– Tatiana’s part in Eugene Onegin has become fateful. I joined Stanislavsky Music Theatre with this part when I was still a student, and it was my debut part at the Metropolitan Opera, the Toronto Opera and the Royal Opera House, Covent Garden. It turned into a great success for me and not by chance. My pedagogue – the legendary Nadezda Malysheva-Vinogradova was an accompanist at the opera studio Stanislavsky directed and she worked with the great master. She was also Chaliapin’s accompanist at concerts. And the vocal score she used in our work had Stanislavsky’s notes for the actors and the layout of the stage settings, all the nuances and details of the main characters’ acting. It was fantastic! So we have ‘sweated through’ the singing and drama delivery of my Tatiana in all details. I adore her!
And among my favourite parts are those with individualities and striking personality traits. Salome, Violetta in la Traviata. Tosca. Medea. Carmen… And Salome’s part has also become fateful. How I worked at it, how it grew through me, how I was afraid of it, both emotionally and vocally, and how I overcame all this – it is a novel in its own right. But the pleasure I got from the part and the success that accompanied it – all this is such a joy and happiness I cannot describe.
Malta, located at the crossroads between East and West, has always been a most interesting place to apply one’s potential in the spiritual sphere
And of course, Manon Lescaut in Puccini’s masterpiece is a genius part, the fatality of her destiny penetrates the depths of your Soul…And the music – my God, there is so much melodrama and depths of emotion in it. And Fevronia in the Tale of the Invisible City of Kitezh by Rimsky-Korsakov – I debuted with this part at the Bolshoi theatre with the great conductor Evgeny Svetlanov – there is so much purity and light in it, a deeply religious Soul…
Tatiana’s character and the entire Eugene Onegin novel is truly an encyclopedia of the Russian soul, a sample of woman’s devotion, purity, personal integrity devoid of any pettiness and cheap pretension. So; if you want to purge your soul, read Onegin, the scenes with Tatiana, they are like prayers. But I would not want to live the fates of Salome or Manon. They walked along the knife-edge, those femmes fatales… Acting such parts on the stage is a true delight…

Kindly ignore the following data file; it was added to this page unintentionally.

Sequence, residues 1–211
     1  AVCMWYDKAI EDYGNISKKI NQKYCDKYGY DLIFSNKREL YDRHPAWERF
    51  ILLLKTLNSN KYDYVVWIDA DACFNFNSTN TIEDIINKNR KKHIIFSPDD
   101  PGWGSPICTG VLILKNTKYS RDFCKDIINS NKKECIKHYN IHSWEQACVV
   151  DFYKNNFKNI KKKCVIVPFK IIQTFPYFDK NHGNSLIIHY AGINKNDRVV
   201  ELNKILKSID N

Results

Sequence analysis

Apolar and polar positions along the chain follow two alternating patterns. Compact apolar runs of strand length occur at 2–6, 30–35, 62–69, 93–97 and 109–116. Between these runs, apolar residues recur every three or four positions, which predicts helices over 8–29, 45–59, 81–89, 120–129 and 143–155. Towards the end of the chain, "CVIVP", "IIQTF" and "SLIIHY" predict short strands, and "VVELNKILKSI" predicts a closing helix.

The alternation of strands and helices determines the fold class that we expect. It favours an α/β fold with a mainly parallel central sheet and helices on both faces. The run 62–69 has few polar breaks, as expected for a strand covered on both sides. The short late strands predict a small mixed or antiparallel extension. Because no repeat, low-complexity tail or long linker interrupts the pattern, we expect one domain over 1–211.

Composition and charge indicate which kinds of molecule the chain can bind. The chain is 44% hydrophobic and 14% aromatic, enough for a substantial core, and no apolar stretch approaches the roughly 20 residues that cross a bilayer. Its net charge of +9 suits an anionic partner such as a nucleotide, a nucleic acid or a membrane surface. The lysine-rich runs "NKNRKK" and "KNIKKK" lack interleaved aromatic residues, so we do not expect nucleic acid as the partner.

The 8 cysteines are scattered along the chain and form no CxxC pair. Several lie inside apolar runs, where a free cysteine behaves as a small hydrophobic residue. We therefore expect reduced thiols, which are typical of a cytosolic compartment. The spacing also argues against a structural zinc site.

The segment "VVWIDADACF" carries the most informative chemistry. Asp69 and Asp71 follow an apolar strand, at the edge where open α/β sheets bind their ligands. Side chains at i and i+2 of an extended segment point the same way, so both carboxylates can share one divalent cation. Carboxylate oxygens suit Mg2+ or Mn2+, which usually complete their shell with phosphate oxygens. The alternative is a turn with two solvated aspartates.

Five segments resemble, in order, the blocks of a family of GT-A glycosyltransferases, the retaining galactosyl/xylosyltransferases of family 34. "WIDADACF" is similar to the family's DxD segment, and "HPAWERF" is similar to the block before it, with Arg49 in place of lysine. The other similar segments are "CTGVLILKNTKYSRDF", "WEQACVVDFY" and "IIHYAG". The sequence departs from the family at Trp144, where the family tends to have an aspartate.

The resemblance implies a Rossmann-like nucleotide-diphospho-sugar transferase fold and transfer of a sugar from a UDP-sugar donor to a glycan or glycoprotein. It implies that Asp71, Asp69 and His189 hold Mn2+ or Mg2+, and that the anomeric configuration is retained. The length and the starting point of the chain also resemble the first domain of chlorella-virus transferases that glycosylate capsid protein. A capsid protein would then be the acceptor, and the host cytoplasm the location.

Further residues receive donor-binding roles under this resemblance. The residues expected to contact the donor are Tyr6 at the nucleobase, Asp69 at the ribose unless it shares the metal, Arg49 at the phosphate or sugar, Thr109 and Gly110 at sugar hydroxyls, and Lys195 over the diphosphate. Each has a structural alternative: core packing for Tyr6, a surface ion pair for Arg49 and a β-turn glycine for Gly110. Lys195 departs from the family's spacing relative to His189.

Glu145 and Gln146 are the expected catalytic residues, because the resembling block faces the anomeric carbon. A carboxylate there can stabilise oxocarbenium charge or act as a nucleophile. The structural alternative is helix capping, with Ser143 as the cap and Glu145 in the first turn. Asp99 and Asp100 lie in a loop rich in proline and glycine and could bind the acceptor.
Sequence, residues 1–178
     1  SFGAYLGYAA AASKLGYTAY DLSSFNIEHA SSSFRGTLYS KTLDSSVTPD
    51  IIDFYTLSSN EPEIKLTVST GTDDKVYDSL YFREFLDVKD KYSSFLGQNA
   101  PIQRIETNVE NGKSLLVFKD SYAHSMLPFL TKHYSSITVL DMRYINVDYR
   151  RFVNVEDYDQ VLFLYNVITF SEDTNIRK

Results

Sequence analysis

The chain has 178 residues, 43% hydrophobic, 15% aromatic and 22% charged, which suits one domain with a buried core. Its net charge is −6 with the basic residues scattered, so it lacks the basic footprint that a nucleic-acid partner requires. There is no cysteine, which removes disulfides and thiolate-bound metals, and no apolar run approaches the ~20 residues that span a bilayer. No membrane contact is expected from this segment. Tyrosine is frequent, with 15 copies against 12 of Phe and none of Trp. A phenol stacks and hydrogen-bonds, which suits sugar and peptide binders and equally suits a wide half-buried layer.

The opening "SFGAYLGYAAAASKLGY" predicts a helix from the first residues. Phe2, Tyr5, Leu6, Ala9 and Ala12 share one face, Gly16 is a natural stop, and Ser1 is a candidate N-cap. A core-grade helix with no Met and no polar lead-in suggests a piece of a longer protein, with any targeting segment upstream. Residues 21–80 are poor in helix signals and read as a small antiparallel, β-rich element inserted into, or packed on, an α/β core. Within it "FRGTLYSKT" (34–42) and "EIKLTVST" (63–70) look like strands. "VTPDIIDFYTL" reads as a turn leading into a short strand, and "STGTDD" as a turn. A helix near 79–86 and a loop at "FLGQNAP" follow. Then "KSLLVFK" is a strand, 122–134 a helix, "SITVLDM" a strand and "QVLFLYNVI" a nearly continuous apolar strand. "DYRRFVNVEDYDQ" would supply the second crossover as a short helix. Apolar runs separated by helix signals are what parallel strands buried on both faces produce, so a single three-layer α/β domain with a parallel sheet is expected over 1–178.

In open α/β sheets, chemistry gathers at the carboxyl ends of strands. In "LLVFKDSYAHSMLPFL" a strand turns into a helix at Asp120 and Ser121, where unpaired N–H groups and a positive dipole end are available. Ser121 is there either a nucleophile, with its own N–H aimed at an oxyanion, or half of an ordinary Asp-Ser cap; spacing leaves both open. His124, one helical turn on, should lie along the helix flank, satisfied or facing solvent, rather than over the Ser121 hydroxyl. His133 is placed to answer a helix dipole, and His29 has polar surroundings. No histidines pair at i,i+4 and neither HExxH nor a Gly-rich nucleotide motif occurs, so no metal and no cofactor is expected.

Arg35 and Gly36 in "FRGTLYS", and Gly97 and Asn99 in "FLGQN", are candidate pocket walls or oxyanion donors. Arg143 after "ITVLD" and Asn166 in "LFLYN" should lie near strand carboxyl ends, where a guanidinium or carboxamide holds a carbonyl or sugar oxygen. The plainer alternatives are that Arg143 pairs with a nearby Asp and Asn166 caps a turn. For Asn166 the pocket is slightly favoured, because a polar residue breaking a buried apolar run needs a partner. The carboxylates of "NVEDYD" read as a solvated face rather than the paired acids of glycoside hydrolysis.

– It’s amazing that you find time and, what’s more important, creative energies to take part in various musical projects and at the same time be on the juries of popular TV shows as well as classical music competitions. You were a jury member at the 1st Eurasian Music Games recently held in Astana. What are your impressions of the competition and the participants, and of the amazing country – Kazakhstan, after all?
– The Spitting Image Contest has won the public’s interest not only because of the participants, but to a great extent, thanks to its jury. For its marks and assessments created a certain enlightenment platform, moving the contest from an entertaining to different – educational plane.
We discuss the times and epochs and it is exactly this particular information the viewers often thank us for. We talk about people’s fortunes, the performing arts history, the specifics of various time periods…
Academic vocalists’ competitions identify young talents who you can help to ‘launch a career’; take them by the hand and initiate into the complex world of classical music – through participation in master classes, presentations in international projects and offer shared advice based on the vast experience of performing on the high-profile stages. It is very exciting.
The competition and 1st Eurasian Games festival in Astana were arranged brilliantly. They have become still one more proof that the European Foundation for Support of Culture is among the most important players in the international cultural space supporting and promoting young talents and providing opportunities to make music together with the grand masters. It is unbelievable and so very important.